We look at the world in color, even when we want to shoot black and white photos. Color can be very distracting in that case. Thanks to digital photography it is possible to change the world into black and white before you take the picture.
Today black and white photography is almost a niche. Only a relatively small group of photographers perform real black and white photography. They think in black and white, in light and dark, in contrast.
There is another group also, photographers who choose for black and white because they think it can salvage a less interesting (or uninteresting) color photo. They think it makes the photo artistic by just removing color. Often you recognize these photographers when they present an image both in color and black and white, asking the viewers which photo is the best.
I don’t believe it is possible to rescue a photo just by transforming it in black and white. Removing color from an uninteresting photo does not make it better in any way. Well, sometimes it can make a good photo even more interesting, because we will not be distracted by colors. But it cannot rescue a bad photo.
Colors can also be used to make a bad photo more pleasing. Just look around the internet and you will see a lot of impressive photos with amazing colors. But when you take away the colors, a lot of those photos won’t be so interesting anymore. Poor contrast, bad composition or just a lack of subject in the frame. It is so too easy to be impressed by the colors and to forget about the rest.
For those who love to shoot concerts know about the terrible red and blue light. It is not bad when it is mixed with other colors, but when the stage is lit only in red or blue light, the images on the screen of your camera look really terrible. It becomes very difficult to check the result on the back of the screen. One time I was so fed up with the terrible blue light, I decided to set my camera to monochrome. The preview on the LCD showed a black and white image. I was no longer distracted by the red and blue light and it became much easier to check the results. Since I was shooting raw – as I always do – the color information was still available and I could easily switch to color again in post-processing.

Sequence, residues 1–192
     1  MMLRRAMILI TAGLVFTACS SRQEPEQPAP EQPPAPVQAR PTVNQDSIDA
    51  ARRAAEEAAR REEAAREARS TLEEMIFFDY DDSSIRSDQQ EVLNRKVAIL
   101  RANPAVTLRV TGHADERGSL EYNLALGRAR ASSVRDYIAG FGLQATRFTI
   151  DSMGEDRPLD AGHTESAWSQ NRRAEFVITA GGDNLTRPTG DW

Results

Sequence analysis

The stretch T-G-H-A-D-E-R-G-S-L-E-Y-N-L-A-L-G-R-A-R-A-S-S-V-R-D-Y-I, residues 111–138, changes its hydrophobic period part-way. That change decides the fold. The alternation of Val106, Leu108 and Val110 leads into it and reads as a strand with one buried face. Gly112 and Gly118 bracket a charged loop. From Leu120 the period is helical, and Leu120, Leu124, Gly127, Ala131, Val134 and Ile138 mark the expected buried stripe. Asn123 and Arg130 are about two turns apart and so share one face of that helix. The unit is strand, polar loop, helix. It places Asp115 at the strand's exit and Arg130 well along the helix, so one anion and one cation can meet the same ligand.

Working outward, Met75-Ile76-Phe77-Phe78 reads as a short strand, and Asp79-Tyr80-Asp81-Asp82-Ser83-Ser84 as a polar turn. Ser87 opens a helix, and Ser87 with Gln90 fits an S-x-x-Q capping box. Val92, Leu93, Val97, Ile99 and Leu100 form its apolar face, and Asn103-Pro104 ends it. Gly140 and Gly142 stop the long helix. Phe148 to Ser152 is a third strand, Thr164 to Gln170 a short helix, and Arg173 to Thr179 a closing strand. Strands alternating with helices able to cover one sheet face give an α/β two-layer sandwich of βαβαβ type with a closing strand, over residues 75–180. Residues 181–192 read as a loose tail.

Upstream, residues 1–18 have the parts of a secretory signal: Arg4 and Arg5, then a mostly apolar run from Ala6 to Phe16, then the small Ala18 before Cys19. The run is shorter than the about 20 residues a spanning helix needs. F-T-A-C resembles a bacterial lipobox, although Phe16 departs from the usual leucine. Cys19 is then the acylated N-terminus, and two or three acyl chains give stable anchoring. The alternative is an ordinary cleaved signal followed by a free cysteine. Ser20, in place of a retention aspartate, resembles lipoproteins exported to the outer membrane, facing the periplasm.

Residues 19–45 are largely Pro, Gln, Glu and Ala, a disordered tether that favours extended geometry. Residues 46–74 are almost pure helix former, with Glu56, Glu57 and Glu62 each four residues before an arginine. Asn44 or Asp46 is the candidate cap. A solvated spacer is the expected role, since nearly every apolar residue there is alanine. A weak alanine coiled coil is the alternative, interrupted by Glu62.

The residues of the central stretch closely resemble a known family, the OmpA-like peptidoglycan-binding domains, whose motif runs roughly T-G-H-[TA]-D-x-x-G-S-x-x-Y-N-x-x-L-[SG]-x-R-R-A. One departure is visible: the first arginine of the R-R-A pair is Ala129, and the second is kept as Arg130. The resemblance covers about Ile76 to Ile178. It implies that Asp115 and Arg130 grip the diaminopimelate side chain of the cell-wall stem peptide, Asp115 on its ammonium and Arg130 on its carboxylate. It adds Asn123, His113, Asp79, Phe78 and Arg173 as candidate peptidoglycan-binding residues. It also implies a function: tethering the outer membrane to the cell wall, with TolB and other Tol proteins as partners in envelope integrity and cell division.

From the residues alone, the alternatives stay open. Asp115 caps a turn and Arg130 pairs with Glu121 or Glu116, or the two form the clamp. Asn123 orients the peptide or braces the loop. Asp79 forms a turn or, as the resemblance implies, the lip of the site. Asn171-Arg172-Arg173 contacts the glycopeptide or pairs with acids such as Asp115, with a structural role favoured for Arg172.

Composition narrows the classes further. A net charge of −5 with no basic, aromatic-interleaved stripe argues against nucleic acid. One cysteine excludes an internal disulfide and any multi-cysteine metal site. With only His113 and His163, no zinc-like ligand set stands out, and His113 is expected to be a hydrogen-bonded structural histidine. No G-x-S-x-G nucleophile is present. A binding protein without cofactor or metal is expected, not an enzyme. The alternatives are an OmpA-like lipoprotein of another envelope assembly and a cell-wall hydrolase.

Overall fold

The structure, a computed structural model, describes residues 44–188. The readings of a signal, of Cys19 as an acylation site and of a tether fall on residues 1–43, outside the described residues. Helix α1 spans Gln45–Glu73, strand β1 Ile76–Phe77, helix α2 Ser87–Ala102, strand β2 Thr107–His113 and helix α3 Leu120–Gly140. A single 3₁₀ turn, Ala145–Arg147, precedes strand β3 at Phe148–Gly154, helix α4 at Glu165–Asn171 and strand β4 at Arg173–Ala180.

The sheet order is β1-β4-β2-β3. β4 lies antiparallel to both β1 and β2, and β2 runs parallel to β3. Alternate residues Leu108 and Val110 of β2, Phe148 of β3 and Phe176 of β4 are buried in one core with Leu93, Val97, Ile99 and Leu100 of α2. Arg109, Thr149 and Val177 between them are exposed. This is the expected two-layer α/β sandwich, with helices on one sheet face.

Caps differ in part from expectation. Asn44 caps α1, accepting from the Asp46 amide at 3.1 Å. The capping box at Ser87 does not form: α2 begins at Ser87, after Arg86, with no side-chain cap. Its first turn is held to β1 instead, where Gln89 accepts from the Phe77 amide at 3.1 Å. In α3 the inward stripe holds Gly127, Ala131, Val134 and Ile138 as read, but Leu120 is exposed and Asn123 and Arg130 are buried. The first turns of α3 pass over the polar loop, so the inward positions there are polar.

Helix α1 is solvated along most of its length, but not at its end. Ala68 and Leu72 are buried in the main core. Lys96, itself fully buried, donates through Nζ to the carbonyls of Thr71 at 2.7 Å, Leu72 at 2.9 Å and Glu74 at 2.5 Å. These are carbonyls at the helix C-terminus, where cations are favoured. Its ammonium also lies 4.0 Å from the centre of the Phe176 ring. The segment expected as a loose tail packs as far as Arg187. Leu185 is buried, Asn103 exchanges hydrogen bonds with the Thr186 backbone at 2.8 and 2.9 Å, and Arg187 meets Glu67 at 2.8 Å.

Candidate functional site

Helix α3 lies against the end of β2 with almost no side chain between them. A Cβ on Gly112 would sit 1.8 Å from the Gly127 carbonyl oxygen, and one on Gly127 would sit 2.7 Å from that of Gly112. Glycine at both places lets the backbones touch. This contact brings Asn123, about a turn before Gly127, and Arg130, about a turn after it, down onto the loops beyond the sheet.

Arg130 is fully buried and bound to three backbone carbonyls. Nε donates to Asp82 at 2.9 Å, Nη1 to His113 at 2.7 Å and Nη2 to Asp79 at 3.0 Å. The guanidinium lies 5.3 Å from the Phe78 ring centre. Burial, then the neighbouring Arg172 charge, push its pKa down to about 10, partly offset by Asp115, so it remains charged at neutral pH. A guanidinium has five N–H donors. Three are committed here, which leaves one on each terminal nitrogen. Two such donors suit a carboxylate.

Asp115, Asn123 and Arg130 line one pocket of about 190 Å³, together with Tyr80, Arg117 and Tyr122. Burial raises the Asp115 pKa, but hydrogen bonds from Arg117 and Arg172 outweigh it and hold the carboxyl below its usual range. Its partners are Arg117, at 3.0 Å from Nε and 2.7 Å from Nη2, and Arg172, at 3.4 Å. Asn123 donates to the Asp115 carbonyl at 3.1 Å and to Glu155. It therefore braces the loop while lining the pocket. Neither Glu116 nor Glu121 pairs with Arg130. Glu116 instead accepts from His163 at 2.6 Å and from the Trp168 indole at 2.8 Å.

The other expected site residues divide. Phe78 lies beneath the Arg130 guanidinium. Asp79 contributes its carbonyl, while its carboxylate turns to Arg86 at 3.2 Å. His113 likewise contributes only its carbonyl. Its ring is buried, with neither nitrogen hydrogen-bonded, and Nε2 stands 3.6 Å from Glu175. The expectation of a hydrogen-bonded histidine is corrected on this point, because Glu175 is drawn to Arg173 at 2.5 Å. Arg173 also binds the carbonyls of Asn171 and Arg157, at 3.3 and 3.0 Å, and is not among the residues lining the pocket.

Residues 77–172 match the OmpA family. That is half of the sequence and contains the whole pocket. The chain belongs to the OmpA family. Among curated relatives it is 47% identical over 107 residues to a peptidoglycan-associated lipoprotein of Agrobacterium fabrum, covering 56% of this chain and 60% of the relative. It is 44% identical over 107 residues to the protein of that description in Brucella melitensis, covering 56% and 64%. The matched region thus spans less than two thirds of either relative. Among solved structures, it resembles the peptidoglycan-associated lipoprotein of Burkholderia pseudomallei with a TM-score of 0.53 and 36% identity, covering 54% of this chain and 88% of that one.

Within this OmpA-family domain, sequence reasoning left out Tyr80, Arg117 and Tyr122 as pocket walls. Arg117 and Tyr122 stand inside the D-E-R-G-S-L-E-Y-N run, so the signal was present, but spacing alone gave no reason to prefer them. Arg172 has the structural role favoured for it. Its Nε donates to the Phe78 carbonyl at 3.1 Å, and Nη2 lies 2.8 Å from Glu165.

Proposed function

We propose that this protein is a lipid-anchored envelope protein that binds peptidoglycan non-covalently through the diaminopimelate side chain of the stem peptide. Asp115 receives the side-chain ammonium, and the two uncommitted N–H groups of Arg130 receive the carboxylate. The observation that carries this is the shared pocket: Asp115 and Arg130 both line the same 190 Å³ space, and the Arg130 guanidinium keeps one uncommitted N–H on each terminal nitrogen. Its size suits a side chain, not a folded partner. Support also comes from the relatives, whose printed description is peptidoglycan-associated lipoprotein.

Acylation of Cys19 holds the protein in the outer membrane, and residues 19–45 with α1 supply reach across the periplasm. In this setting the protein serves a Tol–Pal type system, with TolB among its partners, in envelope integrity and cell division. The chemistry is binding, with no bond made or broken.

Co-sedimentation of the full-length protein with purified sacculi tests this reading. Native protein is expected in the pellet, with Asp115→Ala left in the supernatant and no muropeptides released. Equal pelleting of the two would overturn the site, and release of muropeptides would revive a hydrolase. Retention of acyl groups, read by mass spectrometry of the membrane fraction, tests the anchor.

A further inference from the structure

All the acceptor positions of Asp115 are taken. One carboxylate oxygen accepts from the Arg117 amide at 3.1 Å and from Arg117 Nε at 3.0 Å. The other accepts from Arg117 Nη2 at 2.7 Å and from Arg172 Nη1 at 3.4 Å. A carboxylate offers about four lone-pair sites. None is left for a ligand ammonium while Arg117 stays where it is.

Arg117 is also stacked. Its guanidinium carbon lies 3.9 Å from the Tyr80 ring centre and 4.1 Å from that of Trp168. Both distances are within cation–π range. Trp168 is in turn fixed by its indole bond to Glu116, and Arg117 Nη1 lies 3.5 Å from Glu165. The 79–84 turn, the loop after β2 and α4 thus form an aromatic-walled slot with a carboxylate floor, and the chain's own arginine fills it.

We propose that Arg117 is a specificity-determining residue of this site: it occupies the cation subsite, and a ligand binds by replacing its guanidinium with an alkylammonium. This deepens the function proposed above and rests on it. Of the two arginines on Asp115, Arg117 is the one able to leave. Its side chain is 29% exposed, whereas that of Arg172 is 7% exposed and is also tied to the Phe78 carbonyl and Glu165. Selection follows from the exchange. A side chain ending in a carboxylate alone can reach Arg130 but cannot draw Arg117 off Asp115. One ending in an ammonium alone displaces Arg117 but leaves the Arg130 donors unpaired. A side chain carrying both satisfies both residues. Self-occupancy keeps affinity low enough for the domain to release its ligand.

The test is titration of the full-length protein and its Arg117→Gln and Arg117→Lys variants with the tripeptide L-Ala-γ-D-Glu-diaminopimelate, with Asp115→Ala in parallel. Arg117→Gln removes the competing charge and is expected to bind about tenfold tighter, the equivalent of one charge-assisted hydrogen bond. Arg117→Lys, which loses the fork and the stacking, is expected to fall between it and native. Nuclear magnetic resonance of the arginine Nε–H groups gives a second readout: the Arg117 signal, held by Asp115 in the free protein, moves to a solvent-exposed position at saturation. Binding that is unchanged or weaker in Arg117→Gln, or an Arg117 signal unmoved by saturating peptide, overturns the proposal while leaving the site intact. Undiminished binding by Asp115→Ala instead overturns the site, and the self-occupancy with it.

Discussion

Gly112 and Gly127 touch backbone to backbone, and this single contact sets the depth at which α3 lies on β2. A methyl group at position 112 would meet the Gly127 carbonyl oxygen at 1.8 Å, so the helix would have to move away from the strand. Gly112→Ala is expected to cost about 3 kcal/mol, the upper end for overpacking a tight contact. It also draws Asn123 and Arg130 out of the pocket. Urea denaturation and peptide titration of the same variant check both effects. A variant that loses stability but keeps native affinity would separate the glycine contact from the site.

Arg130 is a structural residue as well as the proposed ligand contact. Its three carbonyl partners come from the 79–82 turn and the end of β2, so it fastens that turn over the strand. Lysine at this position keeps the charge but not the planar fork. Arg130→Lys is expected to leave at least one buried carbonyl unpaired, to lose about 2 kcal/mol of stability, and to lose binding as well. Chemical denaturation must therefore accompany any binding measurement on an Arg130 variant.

That is when I realized this was another benefit of digital photography. When you want to make black and white photos it can be very helpful to set the camera to monochrome. This way you see the result on the LCD screen in black and white, not distracted by any color. It is even possible to change the looks of the black and white image on the LCD screen by changing contrast, or by using a red, green, or blue filter. With Canon these settings can be found in the Picture Styles. No matter what setting you will use, it won’t affect the raw file at all. You keep all the color information. On the other hand, if you shoot in-camera JPEG images, you have to be careful. Once shot in black and white, you cannot change it back.
To see the difference between shooting in color and shooting in black and white, I have tried both in a forest. The idea was to make black and white photos, not trying to rescue a less interesting color photo. By changing the Canon Picture Style into monochrome, it is easier to see how the contrast between objects is, not influenced by any color in the scene. You can easily see if black and white will work, or not.
It is not about which photo is good and which is not good. It is about the difference it makes by judging a photo on the back of the LCD screen. The black and white previews forces you to look at the picture in a very different way.
With modern mirrorless camera the benefit of setting your camera to black and white is even greater. With a normal DSLR you see the composition in color through the optical viewfinder, and you have to rely on the result on the back of the screen to judge the black and white image. This is always after you took the image. With the electronic viewfinder of a mirrorless camera you can see the black and white even before you take the photo. You will see the world in black and white through the viewfinder.
Have you ever used the settings of the camera in the way I described? Please let me know in the comments below.